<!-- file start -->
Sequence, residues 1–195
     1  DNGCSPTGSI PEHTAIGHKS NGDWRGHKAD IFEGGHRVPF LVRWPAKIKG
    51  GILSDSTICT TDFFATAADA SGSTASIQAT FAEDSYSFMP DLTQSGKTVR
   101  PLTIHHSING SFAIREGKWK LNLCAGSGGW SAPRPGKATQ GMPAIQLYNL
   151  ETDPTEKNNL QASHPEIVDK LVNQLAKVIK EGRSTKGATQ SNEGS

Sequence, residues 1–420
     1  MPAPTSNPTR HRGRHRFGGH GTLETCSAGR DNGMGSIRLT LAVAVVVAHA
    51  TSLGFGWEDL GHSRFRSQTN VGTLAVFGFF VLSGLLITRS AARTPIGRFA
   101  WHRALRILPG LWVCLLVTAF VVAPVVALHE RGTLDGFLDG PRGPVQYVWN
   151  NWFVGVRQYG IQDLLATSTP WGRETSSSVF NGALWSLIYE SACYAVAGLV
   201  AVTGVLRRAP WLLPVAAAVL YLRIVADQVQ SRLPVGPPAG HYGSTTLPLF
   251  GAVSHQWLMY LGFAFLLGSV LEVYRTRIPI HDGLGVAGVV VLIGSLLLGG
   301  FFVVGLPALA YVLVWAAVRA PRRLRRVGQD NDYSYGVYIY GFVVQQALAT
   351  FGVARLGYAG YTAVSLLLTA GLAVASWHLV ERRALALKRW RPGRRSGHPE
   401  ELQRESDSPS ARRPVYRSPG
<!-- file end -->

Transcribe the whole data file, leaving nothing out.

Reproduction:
Sequence, residues 1–195
     1  DNGCSPTGSI PEHTAIGHKS NGDWRGHKAD IFEGGHRVPF LVRWPAKIKG
    51  GILSDSTICT TDFFATAADA SGSTASIQAT FAEDSYSFMP DLTQSGKTVR
   101  PLTIHHSING SFAIREGKWK LNLCAGSGGW SAPRPGKATQ GMPAIQLYNL
   151  ETDPTEKNNL QASHPEIVDK LVNQLAKVIK EGRSTKGATQ SNEGS

Sequence, residues 1–420
     1  MPAPTSNPTR HRGRHRFGGH GTLETCSAGR DNGMGSIRLT LAVAVVVAHA
    51  TSLGFGWEDL GHSRFRSQTN VGTLAVFGFF VLSGLLITRS AARTPIGRFA
   101  WHRALRILPG LWVCLLVTAF VVAPVVALHE RGTLDGFLDG PRGPVQYVWN
   151  NWFVGVRQYG IQDLLATSTP WGRETSSSVF NGALWSLIYE SACYAVAGLV
   201  AVTGVLRRAP WLLPVAAAVL YLRIVADQVQ SRLPVGPPAG HYGSTTLPLF
   251  GAVSHQWLMY LGFAFLLGSV LEVYRTRIPI HDGLGVAGVV VLIGSLLLGG
   301  FFVVGLPALA YVLVWAAVRA PRRLRRVGQD NDYSYGVYIY GFVVQQALAT
   351  FGVARLGYAG YTAVSLLLTA GLAVASWHLV ERRALALKRW RPGRRSGHPE
   401  ELQRESDSPS ARRPVYRSPG